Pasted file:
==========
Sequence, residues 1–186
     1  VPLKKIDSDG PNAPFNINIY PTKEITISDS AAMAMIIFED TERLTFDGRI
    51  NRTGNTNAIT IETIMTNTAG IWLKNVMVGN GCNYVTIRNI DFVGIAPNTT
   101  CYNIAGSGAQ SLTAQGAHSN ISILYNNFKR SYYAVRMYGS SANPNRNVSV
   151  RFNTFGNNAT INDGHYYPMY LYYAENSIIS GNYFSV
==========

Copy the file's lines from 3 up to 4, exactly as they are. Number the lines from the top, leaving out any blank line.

    51  NRTGNTNAIT IETIMTNTAG IWLKNVMVGN GCNYVTIRNI DFVGIAPNTT
   101  CYNIAGSGAQ SLTAQGAHSN ISILYNNFKR SYYAVRMYGS SANPNRNVSV